My mother has made this beautiful and amazing quilt for me! Yes, you heard right and, yes, you should be jealous. She gifted me this quilt Mother's Day, 2009. And, it is still on tour. This past month, it has been competing at the Vermont Quilt Festival. This quilt, In My Garden, earned a Blue Ribbon and a special award, Best Hand Applique. You can view all the award winning quilts from VQF here.
This quilt is hand appliqued and quilted by hand. I am so lucky and so loved. But, something is bugging me and since I am not often afraid to share with you what is bugging me, I feel obligated to share this. This past spring, my mother taught classes at a sewing exposition. Part of the deal was booth space. We all worked together to make things look great.
Her patterns were lined up neatly along with a bowl of candy and a giveaway of a lovely needlepoint box crammed full with antique silk thread and a full set of my mother's Baltimore Album block patterns.
A few of her quilts were hung in the background. The redwork quilt is one of my favorites.
This sweet sunbonnet quilt is one of the classes she taught and one of the patterns she has designed and sells.
We hung her pattern samples.
One of my favorites.
So pretty in wool.
Everything looked beautiful. Mom worked hard to showcase her patterns and her work - which is amazing as I am sure you agree.
But, here is my gripe. Dad and I spent more than a few hours manning her booth while she was teaching. We were excited to do so, because we have never thought that mom has tried hard enough to sell herself. Oh, yes, she is in high demand as a teacher. She taught at Going to Pieces in Pleasanton, California for many years, and here at ThimbleCreek. These are two I remember most, but there were so many others and so many quilds she visited. She was thrilled to be a part of The Applique Academy, until good values and good sense told her it was time to move on to better things when the academy's focus became more about business than about preserving and sharing one of our most important traditions. She was heartbroken that this could happen. That the meaning behind the stitches could be lost to the almighty dollar. She moved on admirably and was invited here to teach with the best teachers from across the nation. I know she feels honored to be a part of Baltimore on the Prairie. I hope some of you can join her there. But, I digress - so often.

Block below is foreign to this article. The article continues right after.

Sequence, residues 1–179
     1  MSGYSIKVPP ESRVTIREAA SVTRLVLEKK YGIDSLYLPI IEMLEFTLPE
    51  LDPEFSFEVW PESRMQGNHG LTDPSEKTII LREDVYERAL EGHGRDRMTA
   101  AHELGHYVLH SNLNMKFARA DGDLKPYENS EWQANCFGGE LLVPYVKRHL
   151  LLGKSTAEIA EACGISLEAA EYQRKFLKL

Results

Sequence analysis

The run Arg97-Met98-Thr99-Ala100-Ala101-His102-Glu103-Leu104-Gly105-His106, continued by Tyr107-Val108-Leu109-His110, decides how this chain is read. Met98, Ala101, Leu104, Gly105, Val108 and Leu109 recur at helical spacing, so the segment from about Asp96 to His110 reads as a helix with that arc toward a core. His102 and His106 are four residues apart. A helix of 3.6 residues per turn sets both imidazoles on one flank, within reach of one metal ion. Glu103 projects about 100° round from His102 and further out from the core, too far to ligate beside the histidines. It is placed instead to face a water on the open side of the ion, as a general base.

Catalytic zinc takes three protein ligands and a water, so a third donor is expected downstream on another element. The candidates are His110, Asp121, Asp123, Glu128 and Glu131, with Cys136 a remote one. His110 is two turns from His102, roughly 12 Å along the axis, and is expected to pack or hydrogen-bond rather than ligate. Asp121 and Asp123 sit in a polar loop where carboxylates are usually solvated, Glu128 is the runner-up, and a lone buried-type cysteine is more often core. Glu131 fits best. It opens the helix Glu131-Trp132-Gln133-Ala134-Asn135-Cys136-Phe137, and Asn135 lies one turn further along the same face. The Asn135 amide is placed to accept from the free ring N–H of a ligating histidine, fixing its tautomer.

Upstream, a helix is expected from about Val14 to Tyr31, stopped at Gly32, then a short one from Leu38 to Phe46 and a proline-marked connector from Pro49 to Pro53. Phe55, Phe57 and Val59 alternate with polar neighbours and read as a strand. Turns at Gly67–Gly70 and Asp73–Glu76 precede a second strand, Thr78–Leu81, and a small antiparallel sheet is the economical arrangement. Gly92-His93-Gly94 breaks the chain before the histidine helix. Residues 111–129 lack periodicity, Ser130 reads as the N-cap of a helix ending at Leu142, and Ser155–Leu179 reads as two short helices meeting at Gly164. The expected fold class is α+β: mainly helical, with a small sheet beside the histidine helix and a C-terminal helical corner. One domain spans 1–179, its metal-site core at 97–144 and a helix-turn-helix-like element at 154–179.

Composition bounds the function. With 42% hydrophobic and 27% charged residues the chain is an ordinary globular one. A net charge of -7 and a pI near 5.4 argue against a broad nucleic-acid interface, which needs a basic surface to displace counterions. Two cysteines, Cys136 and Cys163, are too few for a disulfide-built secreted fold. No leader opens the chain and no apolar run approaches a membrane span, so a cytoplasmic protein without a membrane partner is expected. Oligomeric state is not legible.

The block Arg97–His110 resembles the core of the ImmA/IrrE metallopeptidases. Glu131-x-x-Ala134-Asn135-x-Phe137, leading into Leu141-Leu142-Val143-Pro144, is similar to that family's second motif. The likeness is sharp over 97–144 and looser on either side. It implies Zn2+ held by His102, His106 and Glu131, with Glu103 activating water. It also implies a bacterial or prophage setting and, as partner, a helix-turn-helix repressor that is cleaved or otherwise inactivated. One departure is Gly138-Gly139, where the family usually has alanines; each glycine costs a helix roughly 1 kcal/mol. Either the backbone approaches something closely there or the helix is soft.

This beautiful wall quilt, Return to Baltimore, hand appliqued and hand quilted, hung to the right in Mom's booth. The applique stitches are completely invisible, the quilting stitches perfect, small and even. This small quilt is a hallmark of my mother's perfection in craft and life. It was in the view of most foot traffic at the show and caught many an eye. In fact, nearly everyone stopped to look at it. Wouldn't you?
As passersby slowed, took a piece of candy from the basket, admired the giveaway prize and signed up, they looked at the baskets stuffed with patterns, at her sample blocks and at this quilt. They commented that it was lovely, then looked a little closer. Suddenly, their contenance changed. It happened over and over again, nearly every person had the same reaction to the qult. Their noses lifted a little higher into the air. Their brows furrowed. Their mouths turned down. They uttered questions like: "This is done by hand?" "Is that pre-printed fabric?" "Who does handwork anymore?" "Why would anyone do that?" Then, there were other comments: "You have got to be kidding." "What a waste of time." "I don't have the patience for that." "I would never even think of quilting by hand." Since I am used to people admiring my mother's work, I was surprised, discouraged and overwhelmed by the negativity. The candy flowed out of the basket quickly, but it didn't sweeten up the crowd. Comments were discriminatory and prejudice. There was many a look of disdain. These people spoke of my mother's work as second class, substandard, and not good enough.
My mother is a craftswoman, the work is of her heart and of her hands.
I suppose it is difficult to understand from their point of view. I should be more understanding; after all, they are not quilters, their sewing machines are.